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Galileo, Il Saggiatore (Rome, 1623), 1st ed., later state.

The Assayer

Although Galileo eloquently championed mathematical methods in science, the main target of his wit and sarcasm in The Assayer was Grassi, a fellow astronomer, whose mathematical methods proved that comets move above the Moon. Galileo countered that comets are an optical illusion, produced by reflected light, so it becomes a meaningless question to ask where they are located. 

This copy, with expanded errata, is the usual state of the first edition.

Galileo argued that no proof was available for Grassi’s assumption that comets are physical objects in motion rather than merely an optical effect of sunlight reflecting from vapor. Therefore parallax arguments prove nothing.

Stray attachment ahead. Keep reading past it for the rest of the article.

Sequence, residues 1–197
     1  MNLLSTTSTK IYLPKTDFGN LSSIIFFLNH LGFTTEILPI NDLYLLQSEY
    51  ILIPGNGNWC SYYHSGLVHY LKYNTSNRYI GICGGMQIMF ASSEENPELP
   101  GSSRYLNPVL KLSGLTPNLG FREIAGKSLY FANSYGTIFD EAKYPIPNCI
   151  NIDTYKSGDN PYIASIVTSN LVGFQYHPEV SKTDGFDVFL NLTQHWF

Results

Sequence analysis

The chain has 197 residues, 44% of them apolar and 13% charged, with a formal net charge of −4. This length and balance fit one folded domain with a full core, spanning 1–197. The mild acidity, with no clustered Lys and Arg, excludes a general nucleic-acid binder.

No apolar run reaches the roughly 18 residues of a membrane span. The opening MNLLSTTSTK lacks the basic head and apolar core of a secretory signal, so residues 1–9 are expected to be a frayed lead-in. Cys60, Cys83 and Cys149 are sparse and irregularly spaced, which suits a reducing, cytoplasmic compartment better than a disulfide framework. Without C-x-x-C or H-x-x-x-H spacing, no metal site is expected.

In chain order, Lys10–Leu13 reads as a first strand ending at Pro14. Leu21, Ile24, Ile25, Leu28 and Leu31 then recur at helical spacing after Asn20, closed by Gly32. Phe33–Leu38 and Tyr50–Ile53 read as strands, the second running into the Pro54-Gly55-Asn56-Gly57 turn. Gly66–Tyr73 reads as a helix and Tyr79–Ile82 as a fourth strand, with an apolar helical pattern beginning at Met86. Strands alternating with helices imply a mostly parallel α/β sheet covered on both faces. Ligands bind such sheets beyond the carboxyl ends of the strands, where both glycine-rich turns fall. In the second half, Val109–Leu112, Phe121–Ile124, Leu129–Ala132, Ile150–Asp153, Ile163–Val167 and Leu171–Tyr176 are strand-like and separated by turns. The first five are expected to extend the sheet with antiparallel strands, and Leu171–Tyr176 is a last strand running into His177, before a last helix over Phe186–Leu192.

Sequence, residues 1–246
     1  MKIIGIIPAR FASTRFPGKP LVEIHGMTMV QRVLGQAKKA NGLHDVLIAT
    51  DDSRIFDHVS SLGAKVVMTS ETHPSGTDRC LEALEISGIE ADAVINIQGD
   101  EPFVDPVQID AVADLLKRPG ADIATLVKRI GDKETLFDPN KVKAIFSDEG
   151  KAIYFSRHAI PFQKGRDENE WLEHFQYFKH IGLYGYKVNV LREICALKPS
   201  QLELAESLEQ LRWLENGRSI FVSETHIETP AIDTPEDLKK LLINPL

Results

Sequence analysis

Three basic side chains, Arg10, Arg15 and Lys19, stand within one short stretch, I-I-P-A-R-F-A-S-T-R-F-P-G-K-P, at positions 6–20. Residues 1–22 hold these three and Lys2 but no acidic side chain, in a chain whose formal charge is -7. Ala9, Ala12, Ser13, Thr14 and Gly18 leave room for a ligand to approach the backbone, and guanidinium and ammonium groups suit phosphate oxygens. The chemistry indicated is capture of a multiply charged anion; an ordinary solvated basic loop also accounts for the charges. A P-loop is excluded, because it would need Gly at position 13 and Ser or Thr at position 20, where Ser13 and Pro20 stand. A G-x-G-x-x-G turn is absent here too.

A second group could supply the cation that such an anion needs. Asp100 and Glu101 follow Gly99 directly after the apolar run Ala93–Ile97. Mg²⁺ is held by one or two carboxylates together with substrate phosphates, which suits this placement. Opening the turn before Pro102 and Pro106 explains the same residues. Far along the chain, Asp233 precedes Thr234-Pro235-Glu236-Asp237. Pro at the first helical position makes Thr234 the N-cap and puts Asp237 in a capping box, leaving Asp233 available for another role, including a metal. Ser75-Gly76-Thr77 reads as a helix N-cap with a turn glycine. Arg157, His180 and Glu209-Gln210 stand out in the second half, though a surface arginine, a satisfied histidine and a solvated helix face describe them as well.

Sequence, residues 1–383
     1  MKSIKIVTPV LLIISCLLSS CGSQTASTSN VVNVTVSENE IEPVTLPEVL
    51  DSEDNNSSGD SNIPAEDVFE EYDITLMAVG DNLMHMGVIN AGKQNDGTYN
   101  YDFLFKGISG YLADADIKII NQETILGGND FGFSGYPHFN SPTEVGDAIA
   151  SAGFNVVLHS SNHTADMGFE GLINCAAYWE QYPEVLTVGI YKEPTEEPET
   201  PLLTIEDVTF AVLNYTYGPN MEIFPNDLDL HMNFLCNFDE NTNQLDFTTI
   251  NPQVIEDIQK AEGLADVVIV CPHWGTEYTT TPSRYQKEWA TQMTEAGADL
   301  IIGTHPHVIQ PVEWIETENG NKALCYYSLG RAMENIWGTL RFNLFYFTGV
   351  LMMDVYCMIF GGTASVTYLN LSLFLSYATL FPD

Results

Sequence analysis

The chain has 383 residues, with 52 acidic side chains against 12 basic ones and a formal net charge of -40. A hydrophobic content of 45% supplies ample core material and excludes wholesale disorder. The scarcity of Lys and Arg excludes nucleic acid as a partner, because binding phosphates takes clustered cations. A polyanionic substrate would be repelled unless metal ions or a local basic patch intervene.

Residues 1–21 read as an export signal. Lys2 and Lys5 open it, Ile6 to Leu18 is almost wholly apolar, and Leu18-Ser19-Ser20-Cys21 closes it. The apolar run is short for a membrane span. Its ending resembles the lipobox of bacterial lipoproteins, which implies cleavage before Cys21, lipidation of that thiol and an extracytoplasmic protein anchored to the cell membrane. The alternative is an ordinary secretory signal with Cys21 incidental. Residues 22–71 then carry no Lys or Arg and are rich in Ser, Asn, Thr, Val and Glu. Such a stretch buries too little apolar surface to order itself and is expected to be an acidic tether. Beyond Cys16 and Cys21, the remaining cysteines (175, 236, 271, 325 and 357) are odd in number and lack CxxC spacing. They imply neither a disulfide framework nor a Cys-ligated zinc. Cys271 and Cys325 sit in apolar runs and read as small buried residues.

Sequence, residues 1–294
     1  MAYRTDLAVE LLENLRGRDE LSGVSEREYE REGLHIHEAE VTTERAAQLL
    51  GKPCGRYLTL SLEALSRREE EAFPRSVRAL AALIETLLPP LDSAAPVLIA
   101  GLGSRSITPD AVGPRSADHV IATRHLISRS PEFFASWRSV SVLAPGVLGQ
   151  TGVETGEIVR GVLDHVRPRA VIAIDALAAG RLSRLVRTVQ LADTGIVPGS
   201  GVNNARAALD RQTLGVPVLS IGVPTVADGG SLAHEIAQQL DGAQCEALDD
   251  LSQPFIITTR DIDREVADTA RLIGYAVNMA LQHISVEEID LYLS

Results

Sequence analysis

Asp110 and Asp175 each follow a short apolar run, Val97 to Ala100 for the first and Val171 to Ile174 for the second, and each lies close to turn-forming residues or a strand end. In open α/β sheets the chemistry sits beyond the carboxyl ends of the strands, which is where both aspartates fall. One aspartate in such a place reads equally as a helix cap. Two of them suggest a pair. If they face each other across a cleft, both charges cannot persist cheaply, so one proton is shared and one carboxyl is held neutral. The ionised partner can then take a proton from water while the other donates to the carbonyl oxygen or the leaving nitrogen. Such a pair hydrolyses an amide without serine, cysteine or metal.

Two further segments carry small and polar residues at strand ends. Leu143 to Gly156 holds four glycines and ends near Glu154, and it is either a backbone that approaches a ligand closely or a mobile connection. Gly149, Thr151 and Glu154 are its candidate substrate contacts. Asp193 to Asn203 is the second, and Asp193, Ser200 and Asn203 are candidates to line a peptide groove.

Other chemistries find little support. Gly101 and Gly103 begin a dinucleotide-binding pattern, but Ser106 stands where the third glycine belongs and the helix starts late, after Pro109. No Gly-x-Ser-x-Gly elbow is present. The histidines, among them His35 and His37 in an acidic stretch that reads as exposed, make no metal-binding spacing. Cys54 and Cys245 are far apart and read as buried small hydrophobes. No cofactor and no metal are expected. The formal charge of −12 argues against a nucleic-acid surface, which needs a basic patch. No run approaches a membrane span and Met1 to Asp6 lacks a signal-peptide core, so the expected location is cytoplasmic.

Galileo’s provocative sarcasm did nothing to encourage good relations between Galileo and Jesuit astronomers. On the other hand, the book was read with delight at the dinner table by Urban, who wrote a poem praising Galileo for the witty performance.

Galileo's World Exhibition Location

Source: History of Science Collections

Section: Controversy

Section Number: 3

Object Number: 33

Subject Area(s): Mathematics, History of the Book, Astronomy, Philosophy, Religious Studies, Physics, Chemistry

Time Period: 17th Century

Region(s): Europe, Italy

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